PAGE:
1946 dime value has a strong base in its silver content. Roosevelt dimes of the 1940's | 1950's | early 1960's are 90% silver by weight. Current minimum value is $1.65
each, see chart below for expanded listings.
Also, because of age, these coins are a popular collectible. Combining silver and certain collectible traits determines how much they are worth. A few steps are used to identify its place on the value chart.
Steps Leading to Value:
Step 1: Date and Mintmark Variety - Vintage silver dimes are identified and valued by date and mint variety. Confirm your dime variety.
Step 2: Grading Condition - Comparing your coin to images of different grades, recognize the quality in demand and awarded premium value.
Step 3: Special Qualities - Collectors support the value to old coins. Silver dimes are collected in many ways creating different levels of demand and ultimately, how much they are worth.
1946 Dime Value
Condition of Coin
Roosevelt Dime Values Updated
1946 was the beginning year of the Roosevelt series and many were saved as examples of the new dime. Demand for higher condition coins is seen in the value chart. Follow the steps to identify the premium collectible variety and quality.
Step 1: | Date and Mintmark Variety Identified
Varieties of 1946 Dimes to Recognize
All new design series attract the attention of everyone. Saving of the Roosevelt dime was popular and collectors enjoyed the beginnings of a series.
1946 dimes are abundant today thanks to the many saved when entering circulation. At the time three different mints struck these across the country. Each mint variety is collected individually as part of a set. First to confirm is date and mint combination.
1946-S Roosevelt Dime
"S" Mintmark on Reverse: San Francisco Mint Struck the Coin
By January 1946 the San Francisco mint was releasing these new dimes into circulation. In total for the year, they struck 27,900,000 dimes, an abundant number to meet the needs of commerce.
Identify the San Francisco variety by the small "S" mintmark on the reverse. On the left side of the torch the "S" indicates the San Francisco mint produced the coin.
1946-D Roosevelt Dime
"D" Mintmark on Reverse: Denver Mint Struck the Coin
The Denver mint suppled the central U.S. with coinage. Large numbers of new Roosevelt dimes where needed to replace the now retired Mercury dime series. People were saving the last of the old and the beginnings of the new placing a production demand on the mints. Denver supplied over 61 million dimes in 1946 with many surviving today.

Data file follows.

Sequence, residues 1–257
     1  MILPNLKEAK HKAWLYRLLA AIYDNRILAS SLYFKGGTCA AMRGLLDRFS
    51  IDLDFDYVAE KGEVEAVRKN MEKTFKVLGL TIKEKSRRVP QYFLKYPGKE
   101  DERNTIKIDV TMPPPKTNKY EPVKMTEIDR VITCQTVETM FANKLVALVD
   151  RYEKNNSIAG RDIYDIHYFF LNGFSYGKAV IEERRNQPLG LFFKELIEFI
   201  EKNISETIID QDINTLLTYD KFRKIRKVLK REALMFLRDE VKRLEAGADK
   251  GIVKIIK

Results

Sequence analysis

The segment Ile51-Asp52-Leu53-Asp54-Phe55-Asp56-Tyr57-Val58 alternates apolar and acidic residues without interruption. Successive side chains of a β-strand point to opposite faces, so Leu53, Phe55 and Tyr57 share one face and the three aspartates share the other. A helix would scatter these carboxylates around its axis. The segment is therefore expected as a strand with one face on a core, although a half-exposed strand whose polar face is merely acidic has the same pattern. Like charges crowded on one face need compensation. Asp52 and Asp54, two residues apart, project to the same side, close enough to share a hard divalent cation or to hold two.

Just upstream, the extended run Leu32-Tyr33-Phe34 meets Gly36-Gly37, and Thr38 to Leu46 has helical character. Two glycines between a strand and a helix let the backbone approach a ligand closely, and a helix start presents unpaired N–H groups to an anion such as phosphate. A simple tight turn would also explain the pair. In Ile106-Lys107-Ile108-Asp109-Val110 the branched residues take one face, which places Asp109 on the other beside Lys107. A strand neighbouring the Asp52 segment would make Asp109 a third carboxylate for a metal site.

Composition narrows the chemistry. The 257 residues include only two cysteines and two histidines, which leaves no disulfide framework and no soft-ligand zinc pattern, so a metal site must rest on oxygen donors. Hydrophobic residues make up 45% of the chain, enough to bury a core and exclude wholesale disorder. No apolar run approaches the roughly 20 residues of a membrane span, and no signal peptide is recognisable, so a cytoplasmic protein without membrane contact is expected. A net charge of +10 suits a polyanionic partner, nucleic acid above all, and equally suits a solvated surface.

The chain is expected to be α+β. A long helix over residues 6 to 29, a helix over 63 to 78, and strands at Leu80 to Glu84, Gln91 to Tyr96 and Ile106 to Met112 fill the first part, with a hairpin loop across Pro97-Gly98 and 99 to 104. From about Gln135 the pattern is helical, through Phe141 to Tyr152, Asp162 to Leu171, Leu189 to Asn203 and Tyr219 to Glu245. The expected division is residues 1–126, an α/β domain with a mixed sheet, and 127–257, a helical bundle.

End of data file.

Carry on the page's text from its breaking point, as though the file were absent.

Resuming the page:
A "D" mintmark was placed on the reverse to identify the Denver mint. Next to the left side of the torch towards the bottom a "D" mark is seen.
1946 Roosevelt Dime
No Mintmark on Reverse: Philadelphia Mint Struck the Coin
Philadelphia mint is the main U.S. mint. Supplying coins, coinage dies, assaying precious metals, and refining metal alloys.
Dimes were a big part of Philadelphia's production in 1946 striking over 255 million pieces. This huge amount is the sixth highest of the silver years. A popular date and abundant today in circulated condition.
Philadelphia did not use a mintmark in 1946 on coinage. At the base of the torch the space on the left is empty indicating the coin was struck at the Philadelphia mint.
Step 2: | Judge Condition to Identify Grade
1946 Dime Value is Conditional
The condition listings further refine dime values on the above chart. As a coin is used in commerce, wear takes place starting on the high points of the design. Grading the condition of a coin applies a set of standards for the different conditions and then assigning a grade.
Nice condition coins are sought by collectors. Use the images to compare and help narrow the state of preservation of your coin.
Mint State Grade
Mint State: All 1946 dimes left the mint with no wear to the surface. This state of condition is graded and termed as Mint State. Wear to no wear is the major separation in both popularity with collectors and value of silver Roosevelt dimes.
Roosevelt's portrait has many high points subject to wear. Focus on the hair and small lines just above the ear. Looking closely, notice the surface remains bright with luster and importantly a fine texture to the metal remains. Smoothing due to wear removes the fine texture, part of the luster and often causes a dullness of color. Fine details within the hair remain on this dime indicating the mint state grade.
A pleasing coin, still bright with the original color and shine, it represents collector quality.